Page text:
Security researchers have found yet another exploit on the Amazon cloud computing platform through the Elasticsearch distributed search engine tool. According to analysis, hackers are able to gain access to the search engine to deploy a battalion of botnets on Amazon cloud.
The vulnerability should be a cause of alarm and, therefore, merits the attention of enterprises because it could manipulate Amazon cloud platforms in an attempt to launch distributed denial of service attacks against hundreds of thousands of websites.
Amazon cloud users can a representational state transfer API to search various documents through Elasticsearch, an open-source search engine server built based on Java. It is more popular among cloud environments for its distributed architecture that enables multiple nodes.
Researchers found security issues on the versions 1.1.x of Elasticsearch because its API scripting lacks a mechanism to authenticate access and a sandbox security infrastructure. Therefore, anyone, including hackers, can penetrate Elasticsearch just so easy.
After that, attackers could carry out several malicious activities using Elasticsearch’s scripting capability such as carrying out arbitrary code on the server. As of now there is no patch coming from the developers of Elasticsearch. Nonetheless, versions 1.2.0 and up are safe from being exploited by hackers.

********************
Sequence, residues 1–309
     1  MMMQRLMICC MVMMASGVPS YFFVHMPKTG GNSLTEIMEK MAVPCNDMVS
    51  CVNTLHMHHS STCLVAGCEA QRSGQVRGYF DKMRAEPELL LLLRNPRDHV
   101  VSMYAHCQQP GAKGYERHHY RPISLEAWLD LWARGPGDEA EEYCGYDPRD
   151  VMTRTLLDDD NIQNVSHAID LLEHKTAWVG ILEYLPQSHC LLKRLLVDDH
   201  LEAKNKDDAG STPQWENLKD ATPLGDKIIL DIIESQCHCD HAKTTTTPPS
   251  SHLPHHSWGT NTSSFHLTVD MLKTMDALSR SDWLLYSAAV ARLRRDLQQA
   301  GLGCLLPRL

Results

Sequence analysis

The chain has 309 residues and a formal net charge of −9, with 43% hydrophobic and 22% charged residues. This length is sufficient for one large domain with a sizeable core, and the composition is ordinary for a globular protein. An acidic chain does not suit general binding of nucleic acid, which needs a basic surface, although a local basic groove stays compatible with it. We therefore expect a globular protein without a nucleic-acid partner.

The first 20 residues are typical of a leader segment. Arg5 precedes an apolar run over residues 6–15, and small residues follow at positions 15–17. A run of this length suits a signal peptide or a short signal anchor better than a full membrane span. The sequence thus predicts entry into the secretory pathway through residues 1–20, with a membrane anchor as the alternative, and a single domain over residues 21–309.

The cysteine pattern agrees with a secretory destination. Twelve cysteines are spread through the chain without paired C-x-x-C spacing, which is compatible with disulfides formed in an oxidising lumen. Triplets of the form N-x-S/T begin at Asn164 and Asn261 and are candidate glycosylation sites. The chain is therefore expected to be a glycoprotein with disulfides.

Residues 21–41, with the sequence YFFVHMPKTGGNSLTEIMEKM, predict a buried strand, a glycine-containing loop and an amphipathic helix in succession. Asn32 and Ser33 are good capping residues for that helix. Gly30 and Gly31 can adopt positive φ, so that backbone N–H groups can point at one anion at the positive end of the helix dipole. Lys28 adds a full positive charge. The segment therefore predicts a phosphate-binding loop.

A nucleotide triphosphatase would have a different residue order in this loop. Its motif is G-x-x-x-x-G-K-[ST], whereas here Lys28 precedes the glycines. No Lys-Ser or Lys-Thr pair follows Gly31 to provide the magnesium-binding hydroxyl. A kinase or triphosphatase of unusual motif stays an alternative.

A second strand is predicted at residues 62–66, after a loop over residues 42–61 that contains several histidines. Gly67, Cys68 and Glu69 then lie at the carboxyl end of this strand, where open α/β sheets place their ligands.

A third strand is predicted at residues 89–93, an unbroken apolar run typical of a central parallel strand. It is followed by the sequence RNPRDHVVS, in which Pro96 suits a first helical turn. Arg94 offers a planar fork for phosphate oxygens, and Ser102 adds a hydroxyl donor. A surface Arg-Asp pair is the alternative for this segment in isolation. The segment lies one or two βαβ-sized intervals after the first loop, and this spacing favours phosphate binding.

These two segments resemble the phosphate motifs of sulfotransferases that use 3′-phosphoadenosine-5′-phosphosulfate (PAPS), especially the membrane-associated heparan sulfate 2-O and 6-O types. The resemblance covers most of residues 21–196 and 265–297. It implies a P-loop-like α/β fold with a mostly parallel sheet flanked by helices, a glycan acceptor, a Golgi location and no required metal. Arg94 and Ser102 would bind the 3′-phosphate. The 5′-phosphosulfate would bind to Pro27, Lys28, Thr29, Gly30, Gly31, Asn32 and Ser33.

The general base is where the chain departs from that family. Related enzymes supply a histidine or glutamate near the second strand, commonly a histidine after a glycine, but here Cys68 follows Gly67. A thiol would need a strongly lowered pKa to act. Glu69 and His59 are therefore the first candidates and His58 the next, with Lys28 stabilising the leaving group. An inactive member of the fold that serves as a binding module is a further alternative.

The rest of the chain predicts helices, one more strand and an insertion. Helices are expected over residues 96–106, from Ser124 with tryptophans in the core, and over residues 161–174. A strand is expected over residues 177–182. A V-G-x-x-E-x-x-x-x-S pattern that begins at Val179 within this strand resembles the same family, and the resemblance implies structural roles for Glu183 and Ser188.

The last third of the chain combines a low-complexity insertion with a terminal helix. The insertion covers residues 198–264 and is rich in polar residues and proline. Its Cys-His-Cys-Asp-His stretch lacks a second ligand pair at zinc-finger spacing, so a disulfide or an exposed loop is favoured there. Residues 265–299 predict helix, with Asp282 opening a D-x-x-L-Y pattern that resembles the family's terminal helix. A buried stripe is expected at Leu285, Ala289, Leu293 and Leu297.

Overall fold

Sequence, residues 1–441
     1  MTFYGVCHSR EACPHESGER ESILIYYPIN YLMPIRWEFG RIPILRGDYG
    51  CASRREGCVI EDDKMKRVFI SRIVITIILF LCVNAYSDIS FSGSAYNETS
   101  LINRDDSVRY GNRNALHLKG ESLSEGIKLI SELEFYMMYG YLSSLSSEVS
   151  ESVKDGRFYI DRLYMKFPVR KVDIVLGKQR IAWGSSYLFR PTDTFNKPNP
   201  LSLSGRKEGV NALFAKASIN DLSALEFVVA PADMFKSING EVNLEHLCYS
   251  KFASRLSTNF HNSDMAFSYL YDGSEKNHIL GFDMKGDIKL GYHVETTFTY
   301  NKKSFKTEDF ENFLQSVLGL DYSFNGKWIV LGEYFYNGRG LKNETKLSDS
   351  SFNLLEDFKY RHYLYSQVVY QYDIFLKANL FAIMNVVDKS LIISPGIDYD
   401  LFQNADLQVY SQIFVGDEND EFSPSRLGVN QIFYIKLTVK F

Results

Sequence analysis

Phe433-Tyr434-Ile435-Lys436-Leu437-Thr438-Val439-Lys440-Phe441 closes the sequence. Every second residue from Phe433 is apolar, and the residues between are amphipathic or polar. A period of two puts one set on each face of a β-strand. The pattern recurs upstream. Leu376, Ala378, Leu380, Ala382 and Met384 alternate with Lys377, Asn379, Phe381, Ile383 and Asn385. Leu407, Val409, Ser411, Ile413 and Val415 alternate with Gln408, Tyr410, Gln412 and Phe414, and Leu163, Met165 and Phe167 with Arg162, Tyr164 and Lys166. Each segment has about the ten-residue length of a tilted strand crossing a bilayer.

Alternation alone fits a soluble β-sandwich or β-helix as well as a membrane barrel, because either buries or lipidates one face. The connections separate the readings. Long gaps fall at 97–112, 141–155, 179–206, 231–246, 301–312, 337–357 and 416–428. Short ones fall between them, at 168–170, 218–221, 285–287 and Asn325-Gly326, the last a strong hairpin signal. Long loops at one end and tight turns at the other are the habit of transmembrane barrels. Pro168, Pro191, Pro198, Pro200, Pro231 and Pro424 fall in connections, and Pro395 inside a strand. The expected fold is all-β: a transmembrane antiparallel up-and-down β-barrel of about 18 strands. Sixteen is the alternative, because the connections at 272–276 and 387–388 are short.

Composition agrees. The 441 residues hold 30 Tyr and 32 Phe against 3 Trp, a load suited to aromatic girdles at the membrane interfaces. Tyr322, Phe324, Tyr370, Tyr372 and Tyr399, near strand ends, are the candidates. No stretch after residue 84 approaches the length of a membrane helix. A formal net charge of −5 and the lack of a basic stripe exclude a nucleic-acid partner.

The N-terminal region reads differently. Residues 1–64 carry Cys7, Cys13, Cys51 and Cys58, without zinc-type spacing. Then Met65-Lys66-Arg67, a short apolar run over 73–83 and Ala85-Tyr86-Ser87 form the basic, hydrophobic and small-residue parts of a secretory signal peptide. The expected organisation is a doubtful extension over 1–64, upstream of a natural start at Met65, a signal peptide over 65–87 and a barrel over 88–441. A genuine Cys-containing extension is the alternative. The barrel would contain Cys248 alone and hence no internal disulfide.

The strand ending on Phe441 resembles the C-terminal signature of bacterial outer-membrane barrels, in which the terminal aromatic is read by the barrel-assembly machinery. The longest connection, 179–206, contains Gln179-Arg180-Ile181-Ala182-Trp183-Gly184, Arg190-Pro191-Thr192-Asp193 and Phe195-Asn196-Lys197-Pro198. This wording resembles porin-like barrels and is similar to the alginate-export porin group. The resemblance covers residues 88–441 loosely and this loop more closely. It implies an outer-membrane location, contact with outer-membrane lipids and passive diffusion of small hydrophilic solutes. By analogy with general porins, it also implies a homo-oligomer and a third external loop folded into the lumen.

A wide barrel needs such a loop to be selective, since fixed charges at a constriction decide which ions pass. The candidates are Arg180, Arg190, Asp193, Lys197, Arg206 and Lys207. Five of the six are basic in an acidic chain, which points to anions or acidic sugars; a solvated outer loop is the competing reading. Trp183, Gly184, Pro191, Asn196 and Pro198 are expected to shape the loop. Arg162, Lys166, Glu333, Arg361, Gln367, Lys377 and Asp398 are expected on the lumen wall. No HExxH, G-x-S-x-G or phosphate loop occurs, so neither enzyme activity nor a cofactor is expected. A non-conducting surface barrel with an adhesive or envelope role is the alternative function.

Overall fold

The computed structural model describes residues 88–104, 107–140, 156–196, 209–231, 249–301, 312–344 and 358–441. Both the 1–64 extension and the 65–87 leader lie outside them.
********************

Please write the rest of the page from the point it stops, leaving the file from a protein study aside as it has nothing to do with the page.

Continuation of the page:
New offshoots of Mayday Trojan for Linux has been spotted over the past week and the malware already launched DDoS attacks against targets DNS amplification. A Mayday variant was reported to be running on an Amazon server that has been compromised through the Elasticsearch exploit, though there are other platforms that could have been potentially manipulated. However, the Mayday variant did not resort to DNS amplification on the compromised EC2 instances. Instead it was used to launch attacks by flooding several websites with UDP traffic. As a result, many regional banking institutions in the United States and electronics companies in Japan had to transfer their IP addresses to DDoS mitigation service vendors.
The Amazon EC2-run virtual machines were also reported to have been attacked by hackers through a CVE-2014-3120 exploit in the 1.1.x versions of Elasticsearch. Researchers observed that many commercial enterprises still use those versions.
According also to security researchers, attackers have changed proof-of-concept exploit code for CVE-2014-3120 to install a Web shell developed based on Perl. A Web shell is a script that enables hackers to deploy Linux shell commands backdoor through the Web. The script was then further manipulated to download a fresh variant of the Mayday DDoS botnet.
Amazon has already notified its customers about the issue.
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